The Pale Door is a tonally mismanaged botch job that unsuccessfully cribs from stronger genre entries.
There’s a bit of a shared cinematic history between the Wild West outlaw archetype and women accused of witchcraft and demonic sorcery — the wicked witches, if you will. Both are often portrayed as roguish anti-heroes, rising up against powerful and corrupt authority figures defined by their righteous indignation. There is, however, one key difference: while the women of Salem and beyond were most often innocent of their accused supernatural crimes, outlaws were a real-world scourge who spread death, fear, and suffering wherever they traveled. The new Western-horror hybrid The Pale Door pits these two forces against each other, evil vs. “evil,” a premise rife with potential. Unfortunately, the film does absolutely nothing of interest with it, paying only brief lip service to the inherent ironies and social commentary found within its storyline.
It’s actually almost impressive just how completely director/co-writer Aaron B. Koontz fucks things up — not a single element is successful. The film’s visual style is truly atrocious, a textbook example of ugly digital filmmaking void of any technique to make it look even remotely cinematic. A late-night train robbery sequence so deliberately rips off The Assassination of Jesse James by the Coward Robert Ford — and fails spectacularly, at that — that it’s derivative mode begins to veer into fully comedy. Where a film like Bone Tomahawk, likewise constructed as a horror-Western mash-up, succeeds according to its brutal, sometimes nauseating realism and authenticity, there are no stakes in The Pale Door because nothing feels lived-in; the sets look cheap, the costumes resemble community theater donations, and you can practically see the acting in every performance. A lot of great character actors, including Stan Shaw, Pat Healy, and Bill Sage, are unable to elevate the material, and instead simply sink to its level. (Special shout-out to Melora Walters, head of the coven of witches, who delivers a performance so howlingly awful that it permanently revokes the lifetime pass she got from Magnolia.)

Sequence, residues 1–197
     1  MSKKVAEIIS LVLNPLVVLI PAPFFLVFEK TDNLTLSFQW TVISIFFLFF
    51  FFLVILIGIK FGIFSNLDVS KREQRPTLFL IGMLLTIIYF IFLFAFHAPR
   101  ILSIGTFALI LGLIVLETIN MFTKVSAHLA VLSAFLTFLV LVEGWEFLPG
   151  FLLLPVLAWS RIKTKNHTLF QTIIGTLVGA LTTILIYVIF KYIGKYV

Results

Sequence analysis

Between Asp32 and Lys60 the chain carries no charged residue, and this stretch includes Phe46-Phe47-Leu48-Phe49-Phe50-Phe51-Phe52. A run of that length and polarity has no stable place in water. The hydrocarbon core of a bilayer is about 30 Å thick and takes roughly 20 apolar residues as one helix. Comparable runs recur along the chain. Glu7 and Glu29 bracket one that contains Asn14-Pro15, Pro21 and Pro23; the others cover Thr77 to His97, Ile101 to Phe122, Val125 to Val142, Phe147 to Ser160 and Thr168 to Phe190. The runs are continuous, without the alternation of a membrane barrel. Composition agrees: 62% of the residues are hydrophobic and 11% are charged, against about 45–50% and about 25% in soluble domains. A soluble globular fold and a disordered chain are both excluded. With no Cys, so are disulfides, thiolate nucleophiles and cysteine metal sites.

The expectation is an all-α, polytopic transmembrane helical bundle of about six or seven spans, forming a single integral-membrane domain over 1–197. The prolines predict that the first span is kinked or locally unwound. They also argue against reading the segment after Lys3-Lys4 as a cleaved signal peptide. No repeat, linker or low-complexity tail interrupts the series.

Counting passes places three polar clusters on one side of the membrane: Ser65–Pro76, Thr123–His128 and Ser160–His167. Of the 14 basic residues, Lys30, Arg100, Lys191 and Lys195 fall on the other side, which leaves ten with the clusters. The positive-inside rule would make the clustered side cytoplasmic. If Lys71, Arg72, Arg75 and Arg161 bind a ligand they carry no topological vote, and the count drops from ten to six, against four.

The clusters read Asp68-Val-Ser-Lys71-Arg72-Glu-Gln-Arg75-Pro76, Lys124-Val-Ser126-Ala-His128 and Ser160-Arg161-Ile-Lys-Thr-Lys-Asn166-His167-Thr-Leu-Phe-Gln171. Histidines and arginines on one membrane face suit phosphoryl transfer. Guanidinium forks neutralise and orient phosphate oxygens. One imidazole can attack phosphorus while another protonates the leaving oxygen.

As was the case with Koontz’s first feature, 2017’s Camera Obscura, there’s the temptation to chalk all of this up to reach exceeding grasp, but it doesn’t even seem like the filmmaker has his hand open here. At one point, The Pale Door suddenly decides it wants to be Evil Dead, with tiny charred witches scurrying across walls and ceilings and gouging out eyeballs; it’s a moment of tonal whiplash that’s tough to recover from. But perhaps its greatest sin is how tedious and outright boring it becomes, even as it ratchets up the batshit, an unforgivable development given its genre foundation. The whole enterprise would be amusing if it weren’t so pathetically miscalculated, and if you’re looking for a more playful horror treatment of witchcraft and wizardry pitched appropriately, you’d be better served by Álex de la Iglesia’s Witching and Bitching. There’s simply nothing funny or horrific to be found here.
Published as part of Before We Vanish | August 2020.